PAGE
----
Likewise barren of merit is the appellant's contention that Maritess could not have identified him as the rapist, considering that it was 9:00 p.m. when Maritess was raped and it was pitch dark in the bedroom where the crime was committed.[58] We agree with the encompassing ruminations of the Office of the Solicitor General on the matter, to wit:
Firstly, it must be stressed that the victim personally knew appellant since the latter is a relative who frequents their house and who lives only one house away from the victim (pp. 4, 12, TSN, November 12, 1992; p. 7, TSN, September 16, 1994). Secondly, appellant was positively identified in court by the victim who testified in a categorical, straightforward, spontaneous, and frank manner and remained consistent in cross-examination (p. 4, TSN, November 12, 1992).  Thirdly, by the victim's account, it can be deduced that there was enough light in the bedroom which enabled the victim to see and recognize appellant even if the first rape occurred at about 9:00 in the evening.  Besides, appellant did not raise this issue during the trial nor was the victim cross-examined on whether it was dark or not inside the bedroom on November 3, 1991 at 9:00 o'clock in the evening.  Moreover, it must be pointed out that the second incident of rape occurred at 5:00 in the afternoon only, thus the bedroom may be illuminated by natural light since it was still daytime (p. 7, November 12, 1992).  And significantly, appellant repeated almost all the same acts he did during the first incident of rape.  This, therefore, points to no other conclusion than that it was appellant who violated appellant on November 3, 1991.[59]
The room may have been unlit at the time of the rape, but this does not mean that there was total darkness as to preclude Maritess from identifying the malefactor.  We do not consider the circumstance of nighttime as a hindrance to Maritess' identification of the appellant as the rapist. The bedroom door was open when Maritess entered, and the light in the sala illumined the bedroom.[60]

During rape incidents, the offender and the victim are as close to each other as is physically possible. In truth, a man and a woman cannot be physically closer to each other than during a sexual act.[61] Moreover, the appellant often slept in the attic of the Catcharro's, and was a frequent visitor thereat.  Not surprisingly, therefore, Maritess readily and positively identified the appellant in court during the trial as the man who raped her on November 3 and 7, 1991.[62]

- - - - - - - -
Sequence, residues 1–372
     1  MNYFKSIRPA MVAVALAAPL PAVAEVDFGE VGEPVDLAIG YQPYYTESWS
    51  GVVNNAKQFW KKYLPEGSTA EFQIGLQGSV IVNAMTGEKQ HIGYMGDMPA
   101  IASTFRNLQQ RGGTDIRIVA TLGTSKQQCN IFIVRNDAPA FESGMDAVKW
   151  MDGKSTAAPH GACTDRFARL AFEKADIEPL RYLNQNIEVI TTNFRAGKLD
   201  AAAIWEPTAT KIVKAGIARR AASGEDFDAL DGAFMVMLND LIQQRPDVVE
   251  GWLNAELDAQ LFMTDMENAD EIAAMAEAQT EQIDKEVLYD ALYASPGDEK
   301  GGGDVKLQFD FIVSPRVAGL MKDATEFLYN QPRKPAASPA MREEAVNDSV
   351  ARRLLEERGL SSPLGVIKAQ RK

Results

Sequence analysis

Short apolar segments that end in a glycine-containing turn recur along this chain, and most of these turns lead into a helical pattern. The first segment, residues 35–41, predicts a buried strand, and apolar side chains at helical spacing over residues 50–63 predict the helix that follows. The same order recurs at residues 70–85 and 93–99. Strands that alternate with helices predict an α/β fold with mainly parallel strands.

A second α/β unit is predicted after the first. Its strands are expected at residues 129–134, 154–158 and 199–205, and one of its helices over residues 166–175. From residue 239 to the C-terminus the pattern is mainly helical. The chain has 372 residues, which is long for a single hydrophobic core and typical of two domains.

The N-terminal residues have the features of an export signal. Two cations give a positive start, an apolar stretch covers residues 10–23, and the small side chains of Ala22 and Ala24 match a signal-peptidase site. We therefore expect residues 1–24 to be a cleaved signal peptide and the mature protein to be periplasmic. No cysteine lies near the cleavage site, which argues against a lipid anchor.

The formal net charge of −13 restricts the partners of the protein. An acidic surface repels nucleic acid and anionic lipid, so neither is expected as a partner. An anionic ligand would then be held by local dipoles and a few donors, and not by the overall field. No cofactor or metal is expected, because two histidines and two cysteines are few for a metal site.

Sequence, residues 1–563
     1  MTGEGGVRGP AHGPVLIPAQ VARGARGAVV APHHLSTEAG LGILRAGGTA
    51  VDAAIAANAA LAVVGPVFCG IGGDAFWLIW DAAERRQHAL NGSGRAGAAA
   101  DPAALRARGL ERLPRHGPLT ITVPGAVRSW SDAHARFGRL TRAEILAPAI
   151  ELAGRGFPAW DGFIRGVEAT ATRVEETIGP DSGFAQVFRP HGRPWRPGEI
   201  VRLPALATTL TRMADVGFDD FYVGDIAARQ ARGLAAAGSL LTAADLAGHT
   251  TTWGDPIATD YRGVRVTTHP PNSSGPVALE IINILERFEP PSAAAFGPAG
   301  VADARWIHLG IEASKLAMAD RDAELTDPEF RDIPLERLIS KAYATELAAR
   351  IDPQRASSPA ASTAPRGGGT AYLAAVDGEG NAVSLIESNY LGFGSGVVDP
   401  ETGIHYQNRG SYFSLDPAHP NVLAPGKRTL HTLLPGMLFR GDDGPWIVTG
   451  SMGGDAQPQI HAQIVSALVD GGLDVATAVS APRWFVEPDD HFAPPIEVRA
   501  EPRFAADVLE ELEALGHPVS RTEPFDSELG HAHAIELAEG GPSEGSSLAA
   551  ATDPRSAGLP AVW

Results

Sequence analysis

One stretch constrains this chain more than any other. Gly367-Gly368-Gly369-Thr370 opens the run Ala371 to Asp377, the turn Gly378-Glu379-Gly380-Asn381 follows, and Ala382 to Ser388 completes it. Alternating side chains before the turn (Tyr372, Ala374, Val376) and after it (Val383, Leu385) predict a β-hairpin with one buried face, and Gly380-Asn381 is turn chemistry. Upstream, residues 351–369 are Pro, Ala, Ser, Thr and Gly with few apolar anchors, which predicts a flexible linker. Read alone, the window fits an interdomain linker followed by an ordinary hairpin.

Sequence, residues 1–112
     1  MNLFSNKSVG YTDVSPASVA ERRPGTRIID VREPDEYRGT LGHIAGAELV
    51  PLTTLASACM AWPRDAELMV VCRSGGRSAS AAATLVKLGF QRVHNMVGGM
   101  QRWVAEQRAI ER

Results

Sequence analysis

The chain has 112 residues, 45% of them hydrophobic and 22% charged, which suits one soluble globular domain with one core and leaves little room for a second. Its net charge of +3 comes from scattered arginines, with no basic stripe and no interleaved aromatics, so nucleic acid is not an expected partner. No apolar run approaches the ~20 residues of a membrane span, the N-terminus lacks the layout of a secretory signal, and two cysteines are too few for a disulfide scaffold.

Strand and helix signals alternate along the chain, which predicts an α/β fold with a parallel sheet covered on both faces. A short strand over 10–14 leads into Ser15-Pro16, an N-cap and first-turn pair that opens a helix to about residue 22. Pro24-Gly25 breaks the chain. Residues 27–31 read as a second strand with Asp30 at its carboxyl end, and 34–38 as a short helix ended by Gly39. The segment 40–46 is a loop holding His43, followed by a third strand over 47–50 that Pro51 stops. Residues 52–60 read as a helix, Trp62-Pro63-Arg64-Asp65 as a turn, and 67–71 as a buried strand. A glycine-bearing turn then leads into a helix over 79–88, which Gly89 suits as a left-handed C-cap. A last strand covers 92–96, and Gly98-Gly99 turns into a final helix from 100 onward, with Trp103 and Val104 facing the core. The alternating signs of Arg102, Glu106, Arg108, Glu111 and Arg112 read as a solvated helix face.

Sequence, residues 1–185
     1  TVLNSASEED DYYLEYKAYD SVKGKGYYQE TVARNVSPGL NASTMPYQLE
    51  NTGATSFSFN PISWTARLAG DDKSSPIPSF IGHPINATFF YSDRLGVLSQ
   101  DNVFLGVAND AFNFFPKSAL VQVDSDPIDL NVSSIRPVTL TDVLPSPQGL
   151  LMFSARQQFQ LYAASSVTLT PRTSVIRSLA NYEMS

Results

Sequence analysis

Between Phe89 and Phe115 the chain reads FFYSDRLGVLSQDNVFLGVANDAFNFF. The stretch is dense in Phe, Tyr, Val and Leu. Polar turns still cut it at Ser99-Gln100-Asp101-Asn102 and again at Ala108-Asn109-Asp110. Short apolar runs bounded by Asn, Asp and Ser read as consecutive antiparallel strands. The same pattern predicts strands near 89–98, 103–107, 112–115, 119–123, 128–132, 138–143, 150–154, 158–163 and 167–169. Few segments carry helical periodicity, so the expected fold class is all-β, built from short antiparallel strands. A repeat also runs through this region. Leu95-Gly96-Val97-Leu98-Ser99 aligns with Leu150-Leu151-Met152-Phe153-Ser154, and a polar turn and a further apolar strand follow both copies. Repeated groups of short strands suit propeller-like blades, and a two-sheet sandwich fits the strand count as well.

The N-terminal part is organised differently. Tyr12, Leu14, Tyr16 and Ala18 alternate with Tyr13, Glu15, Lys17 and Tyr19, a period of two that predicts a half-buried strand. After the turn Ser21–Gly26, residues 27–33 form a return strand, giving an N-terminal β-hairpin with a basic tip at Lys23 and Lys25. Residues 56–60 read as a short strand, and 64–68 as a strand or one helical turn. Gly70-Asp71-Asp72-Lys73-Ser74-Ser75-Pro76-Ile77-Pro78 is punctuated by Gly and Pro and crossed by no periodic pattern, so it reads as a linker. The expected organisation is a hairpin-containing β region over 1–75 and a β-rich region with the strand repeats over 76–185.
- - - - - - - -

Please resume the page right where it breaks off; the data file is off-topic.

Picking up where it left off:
Neither do we find merit in the appellant's contention that: (1) it was impossible for him to have raped Maritess in a cramped one-bedroom house with so many people within earshot, without anybody noticing; and, (2) Maritess' failure to shout for help when she was being raped is contrary to human experience.[63] As succinctly expostulated by the Office of the Solicitor General:
It is axiomatic that there is no rule or standard behavior specifying how witnesses to a crime must react thereto (People v. Pontilar, Jr., 275 SCRA 338 [1997]).  In People v. Pardillo, Jr., 282 SCRA 286 [1997]), this Honorable Court noted that a rape victim who is a girl of such tender age could easily be intimidated and cowed into silence even by the mildest threat against her life, for silence is not an odd behavior of rape victim.  Thus, although other people may have shouted for help if given the chance, the young victim in the instant case might have been overcome by fear and wasn't able to shout for help.  Besides, appellant covered the victim's mouth with her dress (p. (sic) TSN, November 12, 1992).  Moreover, the crime of rape, as in the instant case, could be committed even in a short while.[64]
We reiterate the dictum, drawn from judicial experience, that lust is no respecter of time and place.  As we have often held, rape can be committed even in places where people congregate, in parks, along the roadside, within school premises and even inside a house where there are other occupants or where other members of the family are also sleeping.  Thus, it is an accepted rule in criminal law that rape may be committed even when the rapist and the victim are not alone.  Rape was held to have been committed in the same room while the rapist's spouse was asleep, or in a small room where other family members of the victim also slept.[65]